Manufacturers previously had to pay twice for factory inspections from UK and EU inspectors
Construction products manufacturers looking to sell into both the UK and EU markets will no longer have to pay for two separate factory inspections following agreements between British and European certification bodies.
Since January this year, new post-Brexit rules on products certifications for key materials including steel, cladding and insulation have meant that firms have had to pay for separate inspections from UK and EU bodies to ensure their products are conforming to standards.
This is despite the European CE marking and new UK-only UKCA marking systems being mostly harmonised, meaning that most of the information and paperwork required is the same.
But the inspections, which can cost thousands of pounds for each factory, can now be made with a single audit following discussions between the British Board of Agrement (BBA) and several organisations across the Channel.
The BBA’s sales and marketing director Peter Webbon said the agreements will save time and money and help solve a “frustrating situation” for products firms.
He said that the deal will “create efficiencies across the supply chain, making it easier and quicker for building product manufacturers at home and throughout the EU to achieve the necessary compliance”.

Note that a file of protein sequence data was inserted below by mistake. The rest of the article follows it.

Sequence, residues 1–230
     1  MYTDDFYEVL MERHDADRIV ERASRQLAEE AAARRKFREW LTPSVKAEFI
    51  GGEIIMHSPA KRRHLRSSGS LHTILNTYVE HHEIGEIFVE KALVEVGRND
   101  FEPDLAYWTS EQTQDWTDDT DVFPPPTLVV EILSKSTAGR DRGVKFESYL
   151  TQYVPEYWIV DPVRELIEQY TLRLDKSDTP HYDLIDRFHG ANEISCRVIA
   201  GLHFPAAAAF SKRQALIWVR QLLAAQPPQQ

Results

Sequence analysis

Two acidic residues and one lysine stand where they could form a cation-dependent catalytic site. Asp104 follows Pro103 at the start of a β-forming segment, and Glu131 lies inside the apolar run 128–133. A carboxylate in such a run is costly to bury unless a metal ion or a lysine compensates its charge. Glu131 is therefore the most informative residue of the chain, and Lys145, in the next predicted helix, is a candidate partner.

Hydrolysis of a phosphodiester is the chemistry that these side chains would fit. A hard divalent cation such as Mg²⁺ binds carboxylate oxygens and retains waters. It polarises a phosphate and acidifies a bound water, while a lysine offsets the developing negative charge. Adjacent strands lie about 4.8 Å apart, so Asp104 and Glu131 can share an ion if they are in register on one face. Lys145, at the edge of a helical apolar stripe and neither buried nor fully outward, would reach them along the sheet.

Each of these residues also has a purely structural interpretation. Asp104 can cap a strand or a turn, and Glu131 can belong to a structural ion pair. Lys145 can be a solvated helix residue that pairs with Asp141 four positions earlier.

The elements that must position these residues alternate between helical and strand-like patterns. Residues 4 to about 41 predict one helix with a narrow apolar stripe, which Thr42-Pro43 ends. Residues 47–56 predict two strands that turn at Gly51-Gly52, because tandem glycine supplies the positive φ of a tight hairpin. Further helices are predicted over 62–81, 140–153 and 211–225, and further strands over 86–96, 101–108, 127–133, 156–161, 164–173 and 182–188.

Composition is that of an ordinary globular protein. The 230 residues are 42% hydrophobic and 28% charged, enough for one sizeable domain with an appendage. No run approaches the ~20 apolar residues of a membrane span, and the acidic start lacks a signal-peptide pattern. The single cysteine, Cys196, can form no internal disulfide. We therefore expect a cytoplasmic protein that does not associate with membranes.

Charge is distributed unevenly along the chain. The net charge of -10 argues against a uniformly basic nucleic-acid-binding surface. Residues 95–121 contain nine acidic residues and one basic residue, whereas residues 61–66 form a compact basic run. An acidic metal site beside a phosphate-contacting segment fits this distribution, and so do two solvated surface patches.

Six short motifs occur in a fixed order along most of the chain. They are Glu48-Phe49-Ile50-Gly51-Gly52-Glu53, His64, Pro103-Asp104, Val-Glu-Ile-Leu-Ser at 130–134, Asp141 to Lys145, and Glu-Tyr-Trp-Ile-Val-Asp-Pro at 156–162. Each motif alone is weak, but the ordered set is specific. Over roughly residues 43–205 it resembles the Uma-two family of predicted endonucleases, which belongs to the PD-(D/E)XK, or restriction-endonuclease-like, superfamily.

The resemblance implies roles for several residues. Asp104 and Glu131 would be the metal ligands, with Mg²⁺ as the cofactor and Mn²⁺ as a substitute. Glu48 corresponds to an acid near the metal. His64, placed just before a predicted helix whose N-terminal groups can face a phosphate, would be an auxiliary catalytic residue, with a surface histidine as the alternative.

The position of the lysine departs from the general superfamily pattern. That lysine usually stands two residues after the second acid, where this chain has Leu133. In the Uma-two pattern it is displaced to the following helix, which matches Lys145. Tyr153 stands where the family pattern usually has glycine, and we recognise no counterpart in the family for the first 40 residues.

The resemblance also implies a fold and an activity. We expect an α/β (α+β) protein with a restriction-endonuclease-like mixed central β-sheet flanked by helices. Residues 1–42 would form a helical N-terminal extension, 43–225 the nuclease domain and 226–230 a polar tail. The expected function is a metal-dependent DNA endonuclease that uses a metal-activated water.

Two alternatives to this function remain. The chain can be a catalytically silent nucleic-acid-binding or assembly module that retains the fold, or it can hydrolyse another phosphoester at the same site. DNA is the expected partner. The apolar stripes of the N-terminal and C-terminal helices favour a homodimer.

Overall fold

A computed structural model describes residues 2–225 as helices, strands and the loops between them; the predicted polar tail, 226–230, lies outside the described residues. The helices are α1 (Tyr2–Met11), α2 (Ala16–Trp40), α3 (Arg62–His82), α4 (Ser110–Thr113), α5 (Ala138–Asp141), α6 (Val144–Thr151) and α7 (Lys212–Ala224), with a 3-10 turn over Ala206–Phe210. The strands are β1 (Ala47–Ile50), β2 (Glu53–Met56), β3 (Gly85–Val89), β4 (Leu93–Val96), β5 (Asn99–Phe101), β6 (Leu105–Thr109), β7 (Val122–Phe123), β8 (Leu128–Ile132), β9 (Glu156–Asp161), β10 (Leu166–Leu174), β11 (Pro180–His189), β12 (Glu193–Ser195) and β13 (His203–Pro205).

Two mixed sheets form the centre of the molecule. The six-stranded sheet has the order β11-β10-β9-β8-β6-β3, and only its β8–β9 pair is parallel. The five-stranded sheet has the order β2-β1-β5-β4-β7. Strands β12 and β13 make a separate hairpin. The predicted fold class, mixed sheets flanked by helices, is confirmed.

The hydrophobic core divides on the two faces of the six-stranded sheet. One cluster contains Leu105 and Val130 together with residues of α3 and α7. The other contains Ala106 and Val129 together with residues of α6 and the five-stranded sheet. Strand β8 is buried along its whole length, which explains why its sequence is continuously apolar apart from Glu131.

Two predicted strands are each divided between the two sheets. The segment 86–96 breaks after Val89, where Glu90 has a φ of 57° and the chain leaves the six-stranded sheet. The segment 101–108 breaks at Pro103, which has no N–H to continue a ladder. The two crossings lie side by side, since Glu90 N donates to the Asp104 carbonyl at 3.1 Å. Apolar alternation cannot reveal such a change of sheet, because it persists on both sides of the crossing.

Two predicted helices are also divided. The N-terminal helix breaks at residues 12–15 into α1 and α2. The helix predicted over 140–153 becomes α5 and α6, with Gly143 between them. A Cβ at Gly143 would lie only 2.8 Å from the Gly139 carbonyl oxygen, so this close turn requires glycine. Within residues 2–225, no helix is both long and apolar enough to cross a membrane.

More than 10 European notified bodies have already confirmed their participation in the scheme, including SKZ Germany, Holzforschung Austria, Eurofins Finland, ITB Poland and NCS Estonia.
The BBA said there was “strong interest” from many more European bodies in the deal.
The agreement applies only to inspections of factories and manufacturing facilities to make sure the products being made comply to CE or UKCA markings and does not apply to testing.
Because of the new UK marking system, thousands of construction products will need to be retested in UK facilities to obtain the new marking before the end of a transition period on 1 January 2022.
Yesterday, Building revealed that the government is now considering extending the transition period amid concerns within the industry over the limited time left to carry out the vast numbers of tests required.